Much is known about how to end poverty in America once and for all, but the political will hasn’t been there to follow through. But that could change. Paul Ryan, a leader of the Republicans in the House of Representatives, just gave a speech outlining the conclusions of an in-depth study he made of America’s social safety net. His speech invites serious bipartisan discussion about reforms and improvements in the system, even though few of his specific proposals have merit. The essence of his plan is a federally-funded block-grant to replace many federal programs such as Food Stamps, TANF welfare for families, child care, and Section 8 housing vouchers, allowing states to come up with their own integrated safety net programs. But his assumption that states are better than the federal government at implementing welfare systems has no basis in current or past reality. If we could trust the states to take poverty seriously, why have dozens of states refused to accept federal funds to expand Medicare under Obamacare? Sadly, poor people in the poorest states need to be protected from the heartlessness of their state governments. That’s why the federal government got involved in fighting poverty in the first place. The Center for American Progress offered a vigorous rebuttal to Ryan’s speech: “Rather than a repackaged Ryan budget, we need a renewed focus on boosting wages, bringing our work and family policies into the 21st century, and investing in human capital to increase mobility and unlock opportunity for all Americans.”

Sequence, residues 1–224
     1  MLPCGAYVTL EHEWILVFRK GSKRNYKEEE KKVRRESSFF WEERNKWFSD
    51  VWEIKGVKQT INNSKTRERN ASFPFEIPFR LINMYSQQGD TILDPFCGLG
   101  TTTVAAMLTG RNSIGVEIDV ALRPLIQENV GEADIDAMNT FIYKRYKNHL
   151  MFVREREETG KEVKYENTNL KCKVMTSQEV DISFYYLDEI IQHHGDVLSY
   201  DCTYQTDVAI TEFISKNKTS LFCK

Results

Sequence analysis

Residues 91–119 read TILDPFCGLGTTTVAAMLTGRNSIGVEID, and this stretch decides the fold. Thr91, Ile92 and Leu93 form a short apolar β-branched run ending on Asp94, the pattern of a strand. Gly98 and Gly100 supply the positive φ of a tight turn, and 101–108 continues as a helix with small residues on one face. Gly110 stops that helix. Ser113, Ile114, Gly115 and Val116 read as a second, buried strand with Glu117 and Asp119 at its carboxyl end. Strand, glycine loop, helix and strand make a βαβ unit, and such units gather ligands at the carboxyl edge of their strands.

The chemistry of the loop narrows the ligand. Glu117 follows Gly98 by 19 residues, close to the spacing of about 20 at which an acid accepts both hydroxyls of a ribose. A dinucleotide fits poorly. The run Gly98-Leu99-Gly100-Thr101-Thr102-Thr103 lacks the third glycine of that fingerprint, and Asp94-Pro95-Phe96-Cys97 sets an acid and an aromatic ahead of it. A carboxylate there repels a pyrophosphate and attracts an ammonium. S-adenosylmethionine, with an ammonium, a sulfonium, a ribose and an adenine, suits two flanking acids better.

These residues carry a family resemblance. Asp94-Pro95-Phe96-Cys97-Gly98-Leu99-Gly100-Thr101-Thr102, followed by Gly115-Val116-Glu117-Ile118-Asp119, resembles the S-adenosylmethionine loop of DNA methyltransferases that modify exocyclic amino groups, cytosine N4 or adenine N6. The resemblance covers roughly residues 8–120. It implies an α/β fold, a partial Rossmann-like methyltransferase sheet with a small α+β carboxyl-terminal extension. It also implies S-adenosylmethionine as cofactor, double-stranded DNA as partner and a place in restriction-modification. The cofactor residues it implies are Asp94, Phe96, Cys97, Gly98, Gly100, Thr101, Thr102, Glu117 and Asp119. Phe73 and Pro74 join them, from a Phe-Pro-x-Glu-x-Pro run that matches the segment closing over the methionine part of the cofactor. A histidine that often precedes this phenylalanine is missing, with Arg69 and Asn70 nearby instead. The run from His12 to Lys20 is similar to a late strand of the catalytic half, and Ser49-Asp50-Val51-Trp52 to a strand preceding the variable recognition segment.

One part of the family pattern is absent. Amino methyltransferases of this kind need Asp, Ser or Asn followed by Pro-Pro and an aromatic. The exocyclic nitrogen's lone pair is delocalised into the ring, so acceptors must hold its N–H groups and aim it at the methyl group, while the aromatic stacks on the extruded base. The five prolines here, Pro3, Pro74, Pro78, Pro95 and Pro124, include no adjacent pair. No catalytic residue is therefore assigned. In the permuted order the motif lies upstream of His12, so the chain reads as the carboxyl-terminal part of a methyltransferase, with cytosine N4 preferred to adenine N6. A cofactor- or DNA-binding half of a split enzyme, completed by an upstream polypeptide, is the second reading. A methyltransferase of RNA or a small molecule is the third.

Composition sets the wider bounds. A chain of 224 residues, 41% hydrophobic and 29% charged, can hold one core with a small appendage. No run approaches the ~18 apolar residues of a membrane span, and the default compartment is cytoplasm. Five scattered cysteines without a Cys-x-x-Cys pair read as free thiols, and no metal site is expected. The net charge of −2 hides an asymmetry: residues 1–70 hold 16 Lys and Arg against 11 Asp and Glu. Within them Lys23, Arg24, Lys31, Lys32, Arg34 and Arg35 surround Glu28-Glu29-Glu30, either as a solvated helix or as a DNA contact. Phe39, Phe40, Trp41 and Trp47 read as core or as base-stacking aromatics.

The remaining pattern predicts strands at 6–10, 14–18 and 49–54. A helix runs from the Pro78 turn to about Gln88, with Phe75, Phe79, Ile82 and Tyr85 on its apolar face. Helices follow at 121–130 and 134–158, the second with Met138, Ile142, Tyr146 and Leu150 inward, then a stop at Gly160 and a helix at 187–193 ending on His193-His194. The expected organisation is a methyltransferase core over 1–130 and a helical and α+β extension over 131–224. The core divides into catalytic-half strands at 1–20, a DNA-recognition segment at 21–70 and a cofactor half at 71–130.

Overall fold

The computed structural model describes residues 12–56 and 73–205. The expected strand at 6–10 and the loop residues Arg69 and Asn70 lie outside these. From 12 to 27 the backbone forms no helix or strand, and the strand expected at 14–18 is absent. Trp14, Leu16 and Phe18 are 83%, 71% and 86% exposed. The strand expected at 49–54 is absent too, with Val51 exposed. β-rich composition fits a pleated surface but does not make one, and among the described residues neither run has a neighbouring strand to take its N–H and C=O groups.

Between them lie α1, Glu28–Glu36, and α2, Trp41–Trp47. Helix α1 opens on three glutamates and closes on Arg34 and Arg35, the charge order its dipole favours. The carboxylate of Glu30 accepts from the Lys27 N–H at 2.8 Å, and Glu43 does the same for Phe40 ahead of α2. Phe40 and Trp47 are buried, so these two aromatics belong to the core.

Many parts of the federal welfare system work very well in reducing poverty: the SNAP/Food Stamp program is remarkably effective, and devolving it to the states would only reduce its efficiency. One federal program that Ryan would enhance is the Earned Income Tax Credit, a sort of reverse-income tax.
Progressive-minded people should celebrate the fact that a Tea Party Republican is at least starting to take the question of poverty seriously. Ryan’s speech is a departure from his previous intimations that churches ought to be in charge of the public’s response to hunger and homelessness. (Have a look at my “musing” on why this assertion by Ryan was absurd.) Bread for my neighbor is a spiritual question, but that doesn’t mean that the churches and temples and mosques can be expected to provide all the required bread. On the contrary, the Spirit moves religious people to change the political and economic system in order to make sure there is enough bread for everyone.